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Aboriginal Medicine - Advantages of Aboriginal Healing Methods for the Aboriginal People

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Many of the inequalities in the health of the Aboriginal people can be attributed to the

erosion of the Aboriginal culture.(chp.2). Restrictions placed on the cultural practices of the Aboriginal people ultimately led to the abatement of the Aboriginal traditional medicines.(p88). Losing their freedom to practice traditional therapeutics, the Aboriginal people eventually had to adapt to the culturally inappropriate ways of western medicines. The purpose of this paper is to examine the advantages of Aboriginal healing methods for the Aboriginal people, as well as to explain why these traditional methods continued to persist long after western style medicines were introduced.

Advantages of Aboriginal Healing Methods for the Aboriginal People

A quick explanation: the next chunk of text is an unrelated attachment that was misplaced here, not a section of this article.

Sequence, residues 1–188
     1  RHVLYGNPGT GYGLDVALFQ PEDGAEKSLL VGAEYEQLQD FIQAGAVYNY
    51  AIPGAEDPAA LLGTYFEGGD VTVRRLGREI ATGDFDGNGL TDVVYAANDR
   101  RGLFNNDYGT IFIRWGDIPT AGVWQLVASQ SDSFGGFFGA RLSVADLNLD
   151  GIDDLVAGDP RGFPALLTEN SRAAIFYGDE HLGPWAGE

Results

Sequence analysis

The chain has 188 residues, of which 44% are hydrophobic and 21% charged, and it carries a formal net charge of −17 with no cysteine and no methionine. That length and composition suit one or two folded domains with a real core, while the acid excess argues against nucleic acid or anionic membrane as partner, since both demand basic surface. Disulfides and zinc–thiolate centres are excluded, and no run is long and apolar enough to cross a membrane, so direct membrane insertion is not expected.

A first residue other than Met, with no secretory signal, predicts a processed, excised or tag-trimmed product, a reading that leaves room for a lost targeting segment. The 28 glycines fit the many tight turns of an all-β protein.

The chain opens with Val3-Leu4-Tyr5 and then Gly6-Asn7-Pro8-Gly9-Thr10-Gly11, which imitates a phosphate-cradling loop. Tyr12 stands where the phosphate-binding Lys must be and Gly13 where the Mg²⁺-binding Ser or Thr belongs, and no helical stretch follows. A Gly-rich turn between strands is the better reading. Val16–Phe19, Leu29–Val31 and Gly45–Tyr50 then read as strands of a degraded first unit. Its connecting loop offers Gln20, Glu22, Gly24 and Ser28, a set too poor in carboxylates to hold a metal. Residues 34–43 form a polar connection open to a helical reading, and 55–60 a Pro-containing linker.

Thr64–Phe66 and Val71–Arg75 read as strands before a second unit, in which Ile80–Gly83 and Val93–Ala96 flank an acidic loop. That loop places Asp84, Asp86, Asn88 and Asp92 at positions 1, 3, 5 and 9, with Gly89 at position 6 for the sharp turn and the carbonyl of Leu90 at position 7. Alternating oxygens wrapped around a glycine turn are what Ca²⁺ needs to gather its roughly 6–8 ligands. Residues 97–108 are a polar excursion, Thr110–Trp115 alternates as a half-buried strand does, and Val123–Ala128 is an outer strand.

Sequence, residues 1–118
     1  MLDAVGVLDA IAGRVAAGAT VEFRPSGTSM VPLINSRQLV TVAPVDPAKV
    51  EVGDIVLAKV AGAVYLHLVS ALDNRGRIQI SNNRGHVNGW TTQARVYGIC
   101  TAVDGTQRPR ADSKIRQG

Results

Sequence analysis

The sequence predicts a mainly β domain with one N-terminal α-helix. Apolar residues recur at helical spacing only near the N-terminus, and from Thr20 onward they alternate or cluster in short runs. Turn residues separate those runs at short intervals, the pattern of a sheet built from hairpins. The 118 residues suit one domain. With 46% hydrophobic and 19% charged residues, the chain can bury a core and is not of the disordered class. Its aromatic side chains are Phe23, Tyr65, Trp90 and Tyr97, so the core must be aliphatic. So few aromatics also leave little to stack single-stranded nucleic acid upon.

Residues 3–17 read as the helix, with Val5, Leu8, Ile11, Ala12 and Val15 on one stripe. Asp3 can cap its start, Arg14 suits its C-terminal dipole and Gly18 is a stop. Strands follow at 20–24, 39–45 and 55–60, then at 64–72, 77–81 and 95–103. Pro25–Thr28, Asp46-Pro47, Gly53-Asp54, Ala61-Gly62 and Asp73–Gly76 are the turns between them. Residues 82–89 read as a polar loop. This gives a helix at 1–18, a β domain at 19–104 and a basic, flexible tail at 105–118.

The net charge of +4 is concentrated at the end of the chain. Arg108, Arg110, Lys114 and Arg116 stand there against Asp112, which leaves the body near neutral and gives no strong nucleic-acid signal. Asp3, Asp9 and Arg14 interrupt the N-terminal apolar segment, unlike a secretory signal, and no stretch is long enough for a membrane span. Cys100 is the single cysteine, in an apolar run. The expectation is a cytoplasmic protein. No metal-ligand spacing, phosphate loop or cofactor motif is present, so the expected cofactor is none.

Traditional healing methods were based upon traditional Aboriginal spirituality beliefs.(p18). This spiritual belief system stated that "people exist within this context as worthy creatures, but no more worthy than any other being. To live secure, healthy lives through acknowledging and respecting the spiritual as well as the physical world, because there is no difference between the two."(p71). The whole Aboriginal culture was based around these beliefs. Everyone in the community was treated as equal with acknowledgment and respect. Therefore those who deemed to follow the cultural beliefs had no difficulty in understanding the healing practices of the people. This appreciation of equality and respect was an advantage to the Aboriginal people, especially within their healing methods.